The data of the in-depth interviews were analyzed using thematic analysis. Thematic analysis is a method for identifying, analyzing, and reporting themes within the data —these themes capture something important about the data in relation to the research question, representing some level of patterned response or meaning within the data set. It is different from grounded theory in that grounded theory requires the analysis to be directed towards theory development (i.e., generate a theory from the data) while thematic analysis does not . Thematic analysis in this study followed the five-step process outlined by Braun and Clarke : (1) familiarization with data; (2) generation of initial codes; (3) searching for themes; (4)review of themes; and (5) definition and naming of themes. These steps are not unidirectional, but rather are continuously repeated as needed during the analysis process.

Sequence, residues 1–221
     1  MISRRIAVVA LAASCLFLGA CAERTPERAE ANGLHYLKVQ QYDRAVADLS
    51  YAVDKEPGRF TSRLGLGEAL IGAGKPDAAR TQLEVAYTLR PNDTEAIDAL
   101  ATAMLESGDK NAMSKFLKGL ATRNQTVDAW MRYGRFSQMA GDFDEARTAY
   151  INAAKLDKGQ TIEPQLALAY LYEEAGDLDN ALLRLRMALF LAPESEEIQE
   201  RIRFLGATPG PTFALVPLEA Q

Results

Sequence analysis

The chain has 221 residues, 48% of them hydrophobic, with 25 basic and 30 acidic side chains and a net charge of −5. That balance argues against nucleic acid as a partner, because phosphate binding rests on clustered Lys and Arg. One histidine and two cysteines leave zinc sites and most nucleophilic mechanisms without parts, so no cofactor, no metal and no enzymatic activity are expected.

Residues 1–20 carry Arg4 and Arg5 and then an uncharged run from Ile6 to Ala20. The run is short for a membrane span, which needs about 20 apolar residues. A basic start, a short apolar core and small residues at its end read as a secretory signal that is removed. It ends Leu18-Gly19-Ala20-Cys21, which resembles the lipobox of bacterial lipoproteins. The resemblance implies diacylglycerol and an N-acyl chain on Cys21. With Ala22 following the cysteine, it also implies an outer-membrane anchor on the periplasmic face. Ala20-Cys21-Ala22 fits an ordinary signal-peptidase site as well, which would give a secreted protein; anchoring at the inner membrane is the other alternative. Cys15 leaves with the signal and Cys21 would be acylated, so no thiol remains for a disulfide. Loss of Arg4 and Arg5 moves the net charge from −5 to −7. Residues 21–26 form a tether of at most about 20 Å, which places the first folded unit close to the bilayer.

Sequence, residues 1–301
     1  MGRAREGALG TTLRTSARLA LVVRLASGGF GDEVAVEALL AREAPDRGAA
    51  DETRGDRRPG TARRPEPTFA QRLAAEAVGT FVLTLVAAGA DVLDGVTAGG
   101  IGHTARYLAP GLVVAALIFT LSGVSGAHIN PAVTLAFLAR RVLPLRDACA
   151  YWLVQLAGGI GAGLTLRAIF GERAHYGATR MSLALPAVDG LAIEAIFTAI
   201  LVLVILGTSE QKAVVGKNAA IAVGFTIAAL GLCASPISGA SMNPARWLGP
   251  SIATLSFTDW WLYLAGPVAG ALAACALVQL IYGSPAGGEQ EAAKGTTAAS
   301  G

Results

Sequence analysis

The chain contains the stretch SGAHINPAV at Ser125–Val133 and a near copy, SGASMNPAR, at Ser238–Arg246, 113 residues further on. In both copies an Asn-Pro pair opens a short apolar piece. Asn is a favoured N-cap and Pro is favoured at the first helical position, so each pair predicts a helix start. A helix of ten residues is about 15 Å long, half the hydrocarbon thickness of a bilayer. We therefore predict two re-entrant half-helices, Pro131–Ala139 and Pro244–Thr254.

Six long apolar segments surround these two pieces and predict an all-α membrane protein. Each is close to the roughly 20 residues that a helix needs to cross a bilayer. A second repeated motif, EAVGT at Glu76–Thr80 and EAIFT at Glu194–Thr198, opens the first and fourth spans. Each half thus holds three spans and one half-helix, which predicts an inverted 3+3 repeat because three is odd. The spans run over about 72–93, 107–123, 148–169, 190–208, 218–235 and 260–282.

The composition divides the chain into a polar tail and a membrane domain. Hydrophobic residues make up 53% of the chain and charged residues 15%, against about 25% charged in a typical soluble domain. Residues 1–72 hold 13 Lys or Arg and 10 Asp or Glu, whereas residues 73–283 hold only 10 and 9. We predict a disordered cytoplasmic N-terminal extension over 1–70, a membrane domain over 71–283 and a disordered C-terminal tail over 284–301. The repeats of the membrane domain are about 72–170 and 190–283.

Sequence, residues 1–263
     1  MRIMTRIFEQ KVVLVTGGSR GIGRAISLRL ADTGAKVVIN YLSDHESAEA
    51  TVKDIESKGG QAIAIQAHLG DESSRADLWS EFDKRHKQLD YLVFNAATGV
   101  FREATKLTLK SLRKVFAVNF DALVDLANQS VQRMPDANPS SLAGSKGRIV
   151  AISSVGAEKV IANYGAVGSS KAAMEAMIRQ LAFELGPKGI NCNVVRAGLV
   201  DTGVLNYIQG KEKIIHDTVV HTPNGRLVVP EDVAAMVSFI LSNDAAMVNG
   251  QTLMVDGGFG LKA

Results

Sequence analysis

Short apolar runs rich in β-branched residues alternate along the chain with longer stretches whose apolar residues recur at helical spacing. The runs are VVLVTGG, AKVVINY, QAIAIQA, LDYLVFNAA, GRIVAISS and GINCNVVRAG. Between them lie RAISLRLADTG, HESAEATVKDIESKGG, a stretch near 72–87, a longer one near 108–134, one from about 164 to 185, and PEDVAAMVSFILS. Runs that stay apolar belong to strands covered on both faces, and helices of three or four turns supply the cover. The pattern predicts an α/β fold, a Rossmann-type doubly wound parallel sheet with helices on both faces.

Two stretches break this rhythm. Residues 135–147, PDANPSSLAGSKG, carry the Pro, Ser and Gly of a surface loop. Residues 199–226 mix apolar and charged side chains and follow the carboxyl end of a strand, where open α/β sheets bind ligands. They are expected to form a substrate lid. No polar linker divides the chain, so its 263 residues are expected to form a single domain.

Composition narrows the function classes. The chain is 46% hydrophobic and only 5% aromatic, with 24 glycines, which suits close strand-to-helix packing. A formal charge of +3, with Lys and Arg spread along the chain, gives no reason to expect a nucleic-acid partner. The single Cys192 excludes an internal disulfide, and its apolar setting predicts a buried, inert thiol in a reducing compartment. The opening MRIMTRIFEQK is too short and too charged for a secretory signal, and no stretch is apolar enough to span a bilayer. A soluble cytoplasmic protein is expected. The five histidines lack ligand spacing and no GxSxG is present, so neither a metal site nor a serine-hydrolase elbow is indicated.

An inductive hand coding process was employed to derive the themes. Initially, open coding was performed. Open coding involves breaking down the transcripts into component data units consisting of single quotations. These data units were then summarized and assigned a concept by the researchers, and codes were developed and named according the data units’ concepts. Then, axial coding was performed to derive the final themes from the data. During axial coding, codes with similar concepts were grouped together into subcategories, which were in turn organized into categories by making connections between subcategories; this process resulted in the creation of subthemes and themes, which were based on the various subcategories and categories, respectively. The coding procedure was conducted by the first author and the on-site assistant (the third author) independently; then, both were reviewed and judged by the first author according to her expertise. In addition, the authors repeatedly read the transcripts to identify key themes corresponding to the interview guide and emergent topics, and to identify participants’ key statements. Subsequent analyses were undertaken by all authors to examine the consistency of reports across themes and examine any negative evidence. Where inconsistencies in the themes and subthemes were found, the authors engaged in discussions until a consensus was reached. The analysis included data from all parts of the interview, but we focused on participants’ experiences of abstinence to relapse, given the purpose of the current study.